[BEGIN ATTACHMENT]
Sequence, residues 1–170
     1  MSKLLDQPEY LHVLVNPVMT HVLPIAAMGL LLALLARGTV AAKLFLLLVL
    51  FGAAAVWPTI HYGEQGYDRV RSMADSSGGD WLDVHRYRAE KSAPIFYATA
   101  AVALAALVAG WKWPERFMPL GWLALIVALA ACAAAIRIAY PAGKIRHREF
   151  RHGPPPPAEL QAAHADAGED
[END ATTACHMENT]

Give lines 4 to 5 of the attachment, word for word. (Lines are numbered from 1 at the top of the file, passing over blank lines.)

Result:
   101  AVALAALVAG WKWPERFMPL GWLALIVALA ACAAAIRIAY PAGKIRHREF
   151  RHGPPPPAEL QAAHADAGED